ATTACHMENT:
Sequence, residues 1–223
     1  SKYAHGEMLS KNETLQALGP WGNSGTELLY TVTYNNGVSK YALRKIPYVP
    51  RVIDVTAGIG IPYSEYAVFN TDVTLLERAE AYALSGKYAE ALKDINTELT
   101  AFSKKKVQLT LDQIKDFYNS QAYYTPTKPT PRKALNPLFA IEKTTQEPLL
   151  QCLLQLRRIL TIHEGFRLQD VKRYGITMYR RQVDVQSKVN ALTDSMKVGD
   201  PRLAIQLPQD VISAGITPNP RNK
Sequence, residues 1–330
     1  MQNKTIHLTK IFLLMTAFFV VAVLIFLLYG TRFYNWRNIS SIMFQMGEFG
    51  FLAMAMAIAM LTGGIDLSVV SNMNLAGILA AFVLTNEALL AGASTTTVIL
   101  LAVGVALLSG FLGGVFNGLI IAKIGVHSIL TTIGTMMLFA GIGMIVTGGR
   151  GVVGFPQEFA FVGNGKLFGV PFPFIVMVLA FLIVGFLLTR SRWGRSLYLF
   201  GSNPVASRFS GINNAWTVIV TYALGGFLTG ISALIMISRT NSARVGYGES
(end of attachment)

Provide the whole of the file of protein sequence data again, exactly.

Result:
Sequence, residues 1–223
     1  SKYAHGEMLS KNETLQALGP WGNSGTELLY TVTYNNGVSK YALRKIPYVP
    51  RVIDVTAGIG IPYSEYAVFN TDVTLLERAE AYALSGKYAE ALKDINTELT
   101  AFSKKKVQLT LDQIKDFYNS QAYYTPTKPT PRKALNPLFA IEKTTQEPLL
   151  QCLLQLRRIL TIHEGFRLQD VKRYGITMYR RQVDVQSKVN ALTDSMKVGD
   201  PRLAIQLPQD VISAGITPNP RNK
Sequence, residues 1–330
     1  MQNKTIHLTK IFLLMTAFFV VAVLIFLLYG TRFYNWRNIS SIMFQMGEFG
    51  FLAMAMAIAM LTGGIDLSVV SNMNLAGILA AFVLTNEALL AGASTTTVIL
   101  LAVGVALLSG FLGGVFNGLI IAKIGVHSIL TTIGTMMLFA GIGMIVTGGR
   151  GVVGFPQEFA FVGNGKLFGV PFPFIVMVLA FLIVGFLLTR SRWGRSLYLF
   201  GSNPVASRFS GINNAWTVIV TYALGGFLTG ISALIMISRT NSARVGYGES